Source: Chuck HaneyC. Titus Brown, James Tiedje, Qingpeng Zhang, Jason Pell (MSU)Janet Jansson, Susannah Tringe (JGI)Soil biodiversity is amazing. Great Prairie worlds most fertile. Important reference site for the biological baseis and ecosystems of soil microbial communities. It sequesters most carbon, produces large amount of biomass anually, key for biofuels and security. Know little about the who / what in these soils.Excitement about what we could clean now with the technologies.

11THE DIRT ON SOIL

Biodiversity in the dark, Wall et al., Nature Geoscience, 2010

Jeremy Burgress MAGNIFICENT BIODIVERSITYMost of us now recognize that microbial communities generally exhibit a high level of diversity, much highter than previously assume by what was revealed by classical microscopy and basic culturing techniques.

In soil, even in one gram of soil, there is estimated to be more microbial species than there are stars in the galaxy. We have far to go for any comprehensive characterization of any single soil community. A key question then Is why is soil diversity so high?

12THE DIRT ON SOILSPATIAL HETEROGENEITY

http://www.fao.org/

www.cnr.uidaho.eduOne reason may be that the soil structure provides unique niche that provide a high diversity of food resources.

Its varied structure provides stable, protective, and even ancient environments for microorganims.13THE DIRT ON SOILDYNAMIC

Soil investigations are further complicated by the primarily dormant state of the large majority of the soil microbial population. The turnover rate of soil microbes is predicted to be over 30 fold and even up to 300 fold slower than that of microbes in the oceans.

And these microbes live in relatively unpredicatlbe patterns of pertubations for example rainfall or leaf litter introduction. They also undergo defined temporal perturbations diurnal energy input. 14THE DIRT ON SOILINTERACTIONS: BIOTIC, ABIOTIC, ABOVE, BELOW, SCALES

Philippot, 2013, Nature Reviews MicrobiologyThis complexity in the soil has formed a dynamic microbial ecosystem which interacts with nutrients, plants, and the soil structure itself at multiple scales.

I would argue that we as a field are still trying to find tractable methods of accessing these interactions and understanding the drivers of healthy or productive soils.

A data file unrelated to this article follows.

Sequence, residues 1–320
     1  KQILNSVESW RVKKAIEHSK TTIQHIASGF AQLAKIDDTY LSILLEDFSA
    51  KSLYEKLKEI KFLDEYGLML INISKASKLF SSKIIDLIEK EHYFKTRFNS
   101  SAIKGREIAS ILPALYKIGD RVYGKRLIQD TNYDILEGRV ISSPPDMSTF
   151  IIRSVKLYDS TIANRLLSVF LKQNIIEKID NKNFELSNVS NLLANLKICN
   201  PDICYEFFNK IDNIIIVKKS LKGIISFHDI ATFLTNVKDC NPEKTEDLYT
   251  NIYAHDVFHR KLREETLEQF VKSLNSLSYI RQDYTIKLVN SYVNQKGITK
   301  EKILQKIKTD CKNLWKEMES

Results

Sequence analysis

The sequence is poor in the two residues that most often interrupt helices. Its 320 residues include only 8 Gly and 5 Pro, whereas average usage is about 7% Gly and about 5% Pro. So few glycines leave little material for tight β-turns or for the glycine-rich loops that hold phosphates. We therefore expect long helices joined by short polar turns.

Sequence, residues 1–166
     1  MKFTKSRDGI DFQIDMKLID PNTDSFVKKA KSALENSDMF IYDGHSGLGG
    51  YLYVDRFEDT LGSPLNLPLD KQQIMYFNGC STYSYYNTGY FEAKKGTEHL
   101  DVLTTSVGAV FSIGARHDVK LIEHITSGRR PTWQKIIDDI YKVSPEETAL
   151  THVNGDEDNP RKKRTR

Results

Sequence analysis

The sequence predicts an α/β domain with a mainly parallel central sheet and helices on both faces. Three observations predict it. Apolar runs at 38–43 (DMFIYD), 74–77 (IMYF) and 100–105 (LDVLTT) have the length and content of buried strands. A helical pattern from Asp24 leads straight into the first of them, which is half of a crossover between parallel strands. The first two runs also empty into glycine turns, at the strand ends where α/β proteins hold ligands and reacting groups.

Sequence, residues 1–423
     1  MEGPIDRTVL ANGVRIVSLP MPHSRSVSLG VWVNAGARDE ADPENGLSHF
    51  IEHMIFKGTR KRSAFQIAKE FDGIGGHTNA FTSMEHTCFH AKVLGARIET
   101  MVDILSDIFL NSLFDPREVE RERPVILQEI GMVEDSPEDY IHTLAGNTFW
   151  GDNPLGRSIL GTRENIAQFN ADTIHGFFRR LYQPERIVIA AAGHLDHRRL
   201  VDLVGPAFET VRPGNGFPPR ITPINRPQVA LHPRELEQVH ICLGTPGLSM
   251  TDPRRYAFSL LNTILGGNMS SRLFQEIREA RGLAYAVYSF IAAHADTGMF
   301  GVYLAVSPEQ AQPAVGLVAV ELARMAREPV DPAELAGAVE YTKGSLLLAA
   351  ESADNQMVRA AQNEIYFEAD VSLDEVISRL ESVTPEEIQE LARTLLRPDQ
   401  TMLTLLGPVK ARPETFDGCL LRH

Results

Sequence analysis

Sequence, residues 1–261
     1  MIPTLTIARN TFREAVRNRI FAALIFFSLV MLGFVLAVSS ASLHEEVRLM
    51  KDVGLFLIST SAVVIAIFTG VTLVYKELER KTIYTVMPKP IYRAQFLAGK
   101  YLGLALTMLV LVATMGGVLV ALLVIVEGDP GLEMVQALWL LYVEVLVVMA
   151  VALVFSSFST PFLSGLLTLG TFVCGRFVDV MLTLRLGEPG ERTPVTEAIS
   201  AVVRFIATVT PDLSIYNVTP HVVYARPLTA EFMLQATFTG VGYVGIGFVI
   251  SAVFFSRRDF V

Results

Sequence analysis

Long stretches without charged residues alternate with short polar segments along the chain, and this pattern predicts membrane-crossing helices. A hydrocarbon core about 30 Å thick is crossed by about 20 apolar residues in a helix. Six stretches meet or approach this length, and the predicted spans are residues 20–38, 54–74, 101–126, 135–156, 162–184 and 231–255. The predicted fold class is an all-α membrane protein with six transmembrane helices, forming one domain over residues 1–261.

15Our shared challenges

Climate ChangeEnergy Supply

USGCRP 2009

www.alutiiq.comhttp://guardianlv.com/

Human HealthAn understanding of microbial ecologyThere are several grand challenges that our society is currently facing which I think are of paramount importance. These are predicting and managing the impacts of climate change, finding sustainable sources of liquid fuels, and understanding the emerging pandemics facing human health in recent years. From carbon emissions from land use (which is magnitudes more than that of car emissions), degrading cellulosic biomass, to pathogens in our bodies, microbes are involved in complex communities that drive the health and productivity of either our natural resources or our own bodies. And its buidling up the expertise to ask 16SOIL MICROBIOLOGY: CARBON REGULATION

The anthropogenic CO2 production is only 10% of that of the soilSustainable agriculture permits carbon sequestration in the range of 0.3 1 ton of C/ha.yr ~ 10% of all carbon emitted by cars(Denman et al., 2007; Climate Change 2007: The Physical Science Basis. Contribution of Working Group I to the Fourth Assessment Report of the Intergovernmental Panel on Climate Change)

For example, microbes in the soil help cycle important nutrients for plants to grow while also impacting global flows of important elements such as carbon and nitrogen.

In fact, when you estimate the carbon production of CO2 in soils and compare it to automative emissions, youd find that anthropogenic sources of CO2 make up only 10% of that of the soils which has a lot to do with the underlying microbes. As a consequence, you could capture roughly about 10% of all carbon emitted by cars just by employing sustainable agriculture practices.

Understanding these processes in the soil can help us then learn how to both predict the impacts of our land management strategies on climate change but also help us understand how we can best manage our limited soil resources.

17Tackling Soil Biodiversity

Source: Chuck HaneyC. Titus Brown, James Tiedje, Qingpeng Zhang, Jason Pell (MSU)Janet Jansson, Susannah Tringe (JGI)Soil biodiversity is amazing. Great Prairie worlds most fertile. Important reference site for the biological baseis and ecosystems of soil microbial communities. It sequesters most carbon, produces large amount of biomass anually, key for biofuels and security. Know little about the who / what in these soils.Excitement about what we could clean no